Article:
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“Ginger is a gamble”

Crop booms, rural uncertainty, and the neoliberalization of agriculture in South India

Daniel Münster

Responding to agrarian crisis at home, cash crop cultivators hailing from the South Indian district of Wayanad increasingly engage in the seasonal production of ginger in other states of India. This is a purely profit-based and unsustainable crop boom that takes a toll on both labor and the environment. This ethnographic analysis of speculative ginger cultivation situates this emerging economic complex in the regional political ecology, farming practices, individual farmers' hopes and aspirations, and in relation to the qualities of ginger as a cultivar. It argues that ginger is a special kind of boom crop and that its cultivation on large tracts of leased land is the manifestation of a moment of agrarian uncertainty and the neoliberalization of agriculture in South India coproduced by the properties of ginger. As a neoliberal boom crop, ginger exemplifies a regime of flexibilization of agrarian accumulation that has proved a profitable move for some, but has brought financial ruin and debt traps for many others.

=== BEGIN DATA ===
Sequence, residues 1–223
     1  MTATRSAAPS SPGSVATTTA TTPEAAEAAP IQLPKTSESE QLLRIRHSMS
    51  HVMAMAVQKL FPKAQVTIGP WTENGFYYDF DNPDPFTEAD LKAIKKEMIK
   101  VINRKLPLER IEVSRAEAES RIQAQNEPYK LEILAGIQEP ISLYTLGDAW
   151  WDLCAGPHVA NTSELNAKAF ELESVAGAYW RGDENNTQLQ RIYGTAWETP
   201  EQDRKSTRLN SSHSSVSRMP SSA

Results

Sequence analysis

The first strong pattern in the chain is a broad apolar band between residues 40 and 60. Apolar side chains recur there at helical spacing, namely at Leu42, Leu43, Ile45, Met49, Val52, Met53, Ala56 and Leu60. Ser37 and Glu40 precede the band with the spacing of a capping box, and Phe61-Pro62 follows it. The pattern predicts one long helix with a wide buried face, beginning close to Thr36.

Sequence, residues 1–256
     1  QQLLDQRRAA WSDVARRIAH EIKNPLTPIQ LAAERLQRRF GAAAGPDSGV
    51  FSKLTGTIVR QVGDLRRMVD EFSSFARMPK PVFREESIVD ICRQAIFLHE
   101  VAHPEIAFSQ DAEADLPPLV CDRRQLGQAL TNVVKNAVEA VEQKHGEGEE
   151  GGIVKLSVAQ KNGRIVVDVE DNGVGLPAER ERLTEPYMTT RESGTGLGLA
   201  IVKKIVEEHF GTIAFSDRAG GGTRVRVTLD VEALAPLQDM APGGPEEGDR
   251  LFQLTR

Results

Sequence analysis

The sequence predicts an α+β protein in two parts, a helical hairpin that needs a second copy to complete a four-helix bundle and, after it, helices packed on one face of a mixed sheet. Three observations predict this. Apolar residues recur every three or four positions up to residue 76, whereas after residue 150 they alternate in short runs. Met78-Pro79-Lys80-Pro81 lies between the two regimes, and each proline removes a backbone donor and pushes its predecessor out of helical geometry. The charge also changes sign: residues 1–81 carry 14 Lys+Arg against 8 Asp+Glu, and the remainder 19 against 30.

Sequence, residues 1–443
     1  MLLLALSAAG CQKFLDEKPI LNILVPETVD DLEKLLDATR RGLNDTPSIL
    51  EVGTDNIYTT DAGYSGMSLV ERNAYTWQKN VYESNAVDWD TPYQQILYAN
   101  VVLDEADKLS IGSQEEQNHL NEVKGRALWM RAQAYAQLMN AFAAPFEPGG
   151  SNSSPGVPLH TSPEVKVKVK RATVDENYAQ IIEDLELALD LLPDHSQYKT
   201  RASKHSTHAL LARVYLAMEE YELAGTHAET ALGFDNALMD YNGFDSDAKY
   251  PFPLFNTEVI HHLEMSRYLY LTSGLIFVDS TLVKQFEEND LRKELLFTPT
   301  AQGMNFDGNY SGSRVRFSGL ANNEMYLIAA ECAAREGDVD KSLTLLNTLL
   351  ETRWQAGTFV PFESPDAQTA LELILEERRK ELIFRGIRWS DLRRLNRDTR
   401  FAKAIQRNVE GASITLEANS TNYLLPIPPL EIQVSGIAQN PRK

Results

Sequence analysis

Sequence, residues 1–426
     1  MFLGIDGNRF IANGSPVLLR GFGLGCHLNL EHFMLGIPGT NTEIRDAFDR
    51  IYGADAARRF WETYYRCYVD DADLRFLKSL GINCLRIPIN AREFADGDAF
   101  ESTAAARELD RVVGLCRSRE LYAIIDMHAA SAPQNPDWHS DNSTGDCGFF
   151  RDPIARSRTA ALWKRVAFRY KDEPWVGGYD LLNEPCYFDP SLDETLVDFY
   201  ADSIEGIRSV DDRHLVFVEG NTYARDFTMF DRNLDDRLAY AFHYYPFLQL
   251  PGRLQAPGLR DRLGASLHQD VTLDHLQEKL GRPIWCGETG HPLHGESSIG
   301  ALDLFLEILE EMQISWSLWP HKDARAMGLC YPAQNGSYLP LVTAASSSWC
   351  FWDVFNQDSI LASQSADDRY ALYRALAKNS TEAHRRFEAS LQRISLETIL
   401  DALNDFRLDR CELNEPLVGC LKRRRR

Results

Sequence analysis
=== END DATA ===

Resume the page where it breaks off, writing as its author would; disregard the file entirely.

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Mega-Plantations in Southeast Asia

Landscapes of Displacement

Miles Kenney-Lazar and Noboru Ishikawa

amount of land that smallholder farmers cultivate. The boom crops of rubber, sugarcane, oil palm, cassava, and maize represent 76 percent of the concession areas in these countries ( Ingalls et al. 2019 ). Mega-plantation development across Southeast